This is a conversation about the casual fan, and most casual baseball fans in Washington, Oregon, Idaho and parts of Montana are Mariners fans by default. The lack of regional competition has arguably kept the team from having more of a growth mindset. I say that confidently given the repetitive “mid-market” comments by Dipoto.
Consider this: Would the Mariners want another professional baseball team in Portland? Of course not. There’s immense value to having the nation’s 21st-largest sports market just a three-hour drive south down I-5, which is why I would include that market when determining whether the Mariners are truly a “mid-market” club.
We also have evidence to suggest that Seattle is a sports market with huge revenue upside when supporting a winner. The Mariners led the league in attendance in 2001 during their 116-win season. Of note, Seattle ranked 11th in payroll that year.
According to Forbes, the Mariners ranked 12th in revenue in 2022 despite a payroll that ranked 21st (per Spotrac) while having the fourth-most operating income. Additionally, each MLB team reportedly earns somewhere in the ballpark of $60 million annually from national TV deals and $110 million from revenue sharing. That’s $170 million annually before you consider the Mariners majority ownership of ROOT Sports Northwest and the other 52% of their own revenue (tickets, merchandise, concessions, etc.) that doesn’t go toward the league-wide revenue share.
So again, pardon my skepticism of any claim that the back half of these mega deals would be franchise-crippling. Maybe the best barometer of whether or not we’re on the same page when it comes to this discussion is how you view Robinson Canó’s contract and tenure in Seattle, because he was absolutely worth it in my opinion.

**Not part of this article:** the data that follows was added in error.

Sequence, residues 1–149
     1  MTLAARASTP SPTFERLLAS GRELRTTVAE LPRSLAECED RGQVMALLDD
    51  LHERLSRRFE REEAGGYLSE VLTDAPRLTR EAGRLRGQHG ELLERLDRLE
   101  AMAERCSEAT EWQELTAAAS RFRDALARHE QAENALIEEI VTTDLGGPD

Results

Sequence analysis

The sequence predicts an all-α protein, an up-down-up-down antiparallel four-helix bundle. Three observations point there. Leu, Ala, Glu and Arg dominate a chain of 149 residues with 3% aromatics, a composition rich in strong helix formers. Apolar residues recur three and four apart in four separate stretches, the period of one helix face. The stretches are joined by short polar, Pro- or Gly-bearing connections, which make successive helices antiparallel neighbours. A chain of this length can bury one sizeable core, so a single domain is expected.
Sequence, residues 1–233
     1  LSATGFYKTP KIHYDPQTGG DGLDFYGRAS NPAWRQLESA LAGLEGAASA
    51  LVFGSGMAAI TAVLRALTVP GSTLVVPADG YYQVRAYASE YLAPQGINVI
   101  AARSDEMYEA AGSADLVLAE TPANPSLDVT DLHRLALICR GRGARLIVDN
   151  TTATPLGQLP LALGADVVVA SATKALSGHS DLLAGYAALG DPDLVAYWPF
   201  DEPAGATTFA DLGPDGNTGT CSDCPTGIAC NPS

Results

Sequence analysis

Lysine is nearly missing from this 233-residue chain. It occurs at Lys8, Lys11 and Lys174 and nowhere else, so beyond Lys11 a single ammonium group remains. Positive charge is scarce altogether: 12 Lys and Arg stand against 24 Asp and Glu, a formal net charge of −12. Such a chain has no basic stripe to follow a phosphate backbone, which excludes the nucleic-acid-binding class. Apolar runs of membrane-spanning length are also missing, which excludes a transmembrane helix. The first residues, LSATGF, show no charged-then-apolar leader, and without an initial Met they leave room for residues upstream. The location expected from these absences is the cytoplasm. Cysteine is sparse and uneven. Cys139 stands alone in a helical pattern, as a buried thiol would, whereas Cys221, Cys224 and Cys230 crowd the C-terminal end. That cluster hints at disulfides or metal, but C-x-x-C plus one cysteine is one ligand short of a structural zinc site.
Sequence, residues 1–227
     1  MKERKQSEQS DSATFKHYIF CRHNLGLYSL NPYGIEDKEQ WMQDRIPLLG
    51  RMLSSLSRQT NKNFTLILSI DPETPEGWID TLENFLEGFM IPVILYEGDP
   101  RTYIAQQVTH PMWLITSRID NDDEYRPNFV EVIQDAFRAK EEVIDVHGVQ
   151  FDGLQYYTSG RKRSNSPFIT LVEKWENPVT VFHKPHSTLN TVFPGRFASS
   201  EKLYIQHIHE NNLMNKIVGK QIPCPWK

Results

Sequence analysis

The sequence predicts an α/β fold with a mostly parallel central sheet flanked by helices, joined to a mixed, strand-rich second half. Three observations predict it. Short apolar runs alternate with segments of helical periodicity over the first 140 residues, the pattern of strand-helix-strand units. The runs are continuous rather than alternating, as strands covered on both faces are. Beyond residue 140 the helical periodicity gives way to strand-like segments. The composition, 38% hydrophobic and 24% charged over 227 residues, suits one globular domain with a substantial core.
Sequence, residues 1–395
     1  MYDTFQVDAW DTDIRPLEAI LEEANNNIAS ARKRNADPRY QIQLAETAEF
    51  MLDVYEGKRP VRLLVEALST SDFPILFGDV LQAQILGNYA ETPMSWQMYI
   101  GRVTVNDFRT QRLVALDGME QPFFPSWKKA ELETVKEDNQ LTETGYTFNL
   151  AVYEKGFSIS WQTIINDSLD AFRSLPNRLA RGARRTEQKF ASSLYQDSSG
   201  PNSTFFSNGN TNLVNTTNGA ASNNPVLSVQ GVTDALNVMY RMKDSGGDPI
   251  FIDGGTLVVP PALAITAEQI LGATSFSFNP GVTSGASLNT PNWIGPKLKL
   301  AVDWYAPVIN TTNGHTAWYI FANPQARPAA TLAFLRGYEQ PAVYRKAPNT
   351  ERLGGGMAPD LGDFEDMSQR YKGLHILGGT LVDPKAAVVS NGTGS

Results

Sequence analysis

Canó provided the Mariners with a 5.6 fWAR in 2014 and a 6.8 fWAR in 2016. The issue was that the Mariners didn’t have a playoff-caliber foundation built prior to signing Canó to that 10-year, $240 million contract. They do now, which is why so many Mariners fans, myself included, salivate over the idea of adding a Carlos Correa-type player (4.4 fWAR in 2022) to an already potent lineup. The same could be said last year with the Mariners watching Marcus Semien (4.2 fWAR in 2022) and Corey Seager (4.5 fWAR in 2022) go to another AL West rival, the Texas Rangers.
The claim that mega contracts are a championship window-shortener can be applied to trades, as well. Emptying the farm system for Pirates outfielder Bryan Reynolds would arguably have a greater negative impact down the road because it would eliminate some of the talent in the next crop headed from Triple-A Tacoma to Seattle. An owner deciding to spend more in a league without a salary cap is a more readily-feasible solution than replenishing a farm system with top prospects in short order.
I completely understand the desire to replicate the Astros’ success step-by-step. The Mariners have done an admirable job to this point operating within that blueprint. But what’s lost in the “Well, Houston hasn’t ever spent big in free agency” counterpoint is the reality that the Astros hit home runs in the MLB Draft with George Springer (2011), Correa (2012), Alex Bregman (2015) and Kyle Tucker (2015). Houston also benefited from getting Yordan Álvarez essentially for free in a 2016 trade with the Dodgers that only cost them reliever Josh Fields.
It’s also sort of irrelevant at this point because the Astros currently sit atop the MLB mountain, and regardless of how they got there, it’s Seattle’s mission to unseat them.
I know the offseason isn’t over yet, and Dipoto could very well have another significant move or two up his sleeve. I’m also not trying to argue that the Mariners are doomed next season because they aren’t going to sign a prominent free agent.
My point is that these boilerplate talking points from Dipoto the last few weeks aren’t indicative of a franchise sparing no expense to capitalize on its championship window at hand. And contrary to what we are being told, I don’t believe the Mariners are an organization incapable of doing so.